Vanderbilt Law Review


Adam Pie

First Page



Kessler Wilkerson was only two years old on the morning of October 16, 1976. At approximately 10:30 a.m., neighbors heard loud noises emanating from inside the Wilkerson trailer, alongside the sound of Kessler's crying and his father's screams. Two hours later, the now-quiet father delivered his two-year-old son to the emergency medical technicians. Despite their attempts to resuscitate the boy en route to the hospital, Kessler was pronounced dead on arrival. Discoveries in the hours and days that followed made Kessler's death even worse. Kessler's autopsy revealed "multiple bruises all over the child's body and.., significant bleeding and a deep laceration of the liver," which resulted in his death. Testimony after the fact revealed that Kessler's father Kenneth Wilkerson repeatedly kicked him, whipped him with a belt, and tied up Kessler in order to "bring him up to be a man." What makes Kessler's death so tragic was that it came at the hands of his father's "repeated beatings witnessed by others who did not know abuse when they saw it, and who never bothered to report" the abuse. By the time anyone paid attention, it was too late. Kessler was too young to call out for help, leaving the state unaware of the abuse and unable to intervene.

Unfortunately, tragic results can also ensue from an investigation of a child abuse allegation. Jochebed Good was just seven years old on the night of April 24, 1987. Armed with an anonymous tip, state social services caseworker W.N. Hooper and a female police officer drove to the Good household to investigate allegations of child abuse. At 10 p.m., Jochebed's mother Sandra answered a "very loud pounding' at the door. Sandra, feeling compelled to do so, reluctantly allowed Hooper and the officer into her home. After talking with Sandra Good, Hooper allegedly chased a frightened Jochebed around the house. Hooper proceeded to order the policewoman to conduct a strip search of Jochebed under his supervision, despite a lack of any evidence suggesting abuse. Finding no evidence of marks, injury, or abuse, Hooper and the officer left Jochebed and her mother "shocked and shaken, deeply upset and worried." Jochebed, a child who showed no signs of abuse, was forced to endure the frightening and humiliating experience of an invasive strip search on the basis of an anonymous call and an agency afraid of another child falling through the cracks.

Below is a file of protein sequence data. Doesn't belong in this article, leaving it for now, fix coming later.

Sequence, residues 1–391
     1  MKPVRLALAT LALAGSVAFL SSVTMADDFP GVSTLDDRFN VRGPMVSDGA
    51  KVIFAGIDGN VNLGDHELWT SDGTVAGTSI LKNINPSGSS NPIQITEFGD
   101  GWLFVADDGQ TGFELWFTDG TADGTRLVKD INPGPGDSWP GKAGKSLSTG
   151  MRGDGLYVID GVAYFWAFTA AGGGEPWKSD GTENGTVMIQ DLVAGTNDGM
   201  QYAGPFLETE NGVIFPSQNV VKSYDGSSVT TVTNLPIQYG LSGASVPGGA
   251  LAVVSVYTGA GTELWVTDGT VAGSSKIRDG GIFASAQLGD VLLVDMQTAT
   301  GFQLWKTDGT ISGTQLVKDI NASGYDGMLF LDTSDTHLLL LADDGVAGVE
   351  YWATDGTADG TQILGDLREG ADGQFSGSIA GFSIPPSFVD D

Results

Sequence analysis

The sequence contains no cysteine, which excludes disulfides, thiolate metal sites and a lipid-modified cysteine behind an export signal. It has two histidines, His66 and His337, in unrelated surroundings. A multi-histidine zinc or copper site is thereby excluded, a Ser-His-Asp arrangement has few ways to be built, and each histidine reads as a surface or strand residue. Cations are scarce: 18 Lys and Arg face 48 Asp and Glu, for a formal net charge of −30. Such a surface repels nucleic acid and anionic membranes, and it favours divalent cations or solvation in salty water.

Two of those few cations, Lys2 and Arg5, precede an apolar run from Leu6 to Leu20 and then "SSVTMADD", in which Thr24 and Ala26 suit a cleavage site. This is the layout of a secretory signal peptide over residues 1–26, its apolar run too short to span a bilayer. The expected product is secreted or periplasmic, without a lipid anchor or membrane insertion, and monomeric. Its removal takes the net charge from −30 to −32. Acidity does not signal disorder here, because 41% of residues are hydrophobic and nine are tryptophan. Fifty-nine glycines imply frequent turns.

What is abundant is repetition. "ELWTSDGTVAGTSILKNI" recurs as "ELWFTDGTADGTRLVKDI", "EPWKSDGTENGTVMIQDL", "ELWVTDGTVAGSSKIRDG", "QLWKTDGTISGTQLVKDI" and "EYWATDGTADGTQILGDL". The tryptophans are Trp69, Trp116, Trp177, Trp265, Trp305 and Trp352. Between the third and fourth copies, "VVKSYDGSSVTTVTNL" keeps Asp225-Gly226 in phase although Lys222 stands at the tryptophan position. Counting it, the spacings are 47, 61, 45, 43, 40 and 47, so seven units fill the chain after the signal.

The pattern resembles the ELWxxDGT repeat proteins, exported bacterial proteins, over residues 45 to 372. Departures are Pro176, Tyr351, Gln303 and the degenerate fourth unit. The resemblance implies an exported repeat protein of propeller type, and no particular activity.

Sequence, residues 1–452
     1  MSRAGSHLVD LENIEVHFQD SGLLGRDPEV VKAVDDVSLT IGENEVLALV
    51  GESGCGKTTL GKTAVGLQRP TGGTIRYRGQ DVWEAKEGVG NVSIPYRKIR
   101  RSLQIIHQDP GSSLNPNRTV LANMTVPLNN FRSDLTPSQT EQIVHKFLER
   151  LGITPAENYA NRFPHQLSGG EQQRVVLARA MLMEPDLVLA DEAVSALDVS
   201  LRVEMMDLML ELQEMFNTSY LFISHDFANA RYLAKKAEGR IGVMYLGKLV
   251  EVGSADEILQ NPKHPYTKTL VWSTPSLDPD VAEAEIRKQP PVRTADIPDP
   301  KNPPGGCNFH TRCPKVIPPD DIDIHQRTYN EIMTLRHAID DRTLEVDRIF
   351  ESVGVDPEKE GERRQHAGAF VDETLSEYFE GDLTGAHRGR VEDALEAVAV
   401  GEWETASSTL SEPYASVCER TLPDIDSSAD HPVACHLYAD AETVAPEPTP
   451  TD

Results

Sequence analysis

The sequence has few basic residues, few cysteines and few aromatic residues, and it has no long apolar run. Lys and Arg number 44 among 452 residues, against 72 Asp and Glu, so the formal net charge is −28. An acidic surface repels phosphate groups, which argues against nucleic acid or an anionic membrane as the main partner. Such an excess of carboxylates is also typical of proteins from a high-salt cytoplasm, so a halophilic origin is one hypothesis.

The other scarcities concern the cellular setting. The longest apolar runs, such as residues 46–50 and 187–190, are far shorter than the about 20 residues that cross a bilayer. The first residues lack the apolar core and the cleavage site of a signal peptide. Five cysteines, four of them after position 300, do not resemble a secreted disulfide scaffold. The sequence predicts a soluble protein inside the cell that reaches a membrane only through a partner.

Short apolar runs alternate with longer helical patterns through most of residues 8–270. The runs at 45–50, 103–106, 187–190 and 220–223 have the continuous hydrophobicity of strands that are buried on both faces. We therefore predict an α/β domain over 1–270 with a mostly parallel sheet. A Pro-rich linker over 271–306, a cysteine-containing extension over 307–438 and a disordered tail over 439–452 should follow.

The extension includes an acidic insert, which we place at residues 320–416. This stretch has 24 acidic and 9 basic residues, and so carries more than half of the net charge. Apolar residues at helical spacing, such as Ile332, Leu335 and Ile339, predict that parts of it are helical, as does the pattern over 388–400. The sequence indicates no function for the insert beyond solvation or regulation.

The investigation of the Goods and the death of Kessler only begin to shed light on the nightmare created by the pervasive problem of child abuse in the United States.

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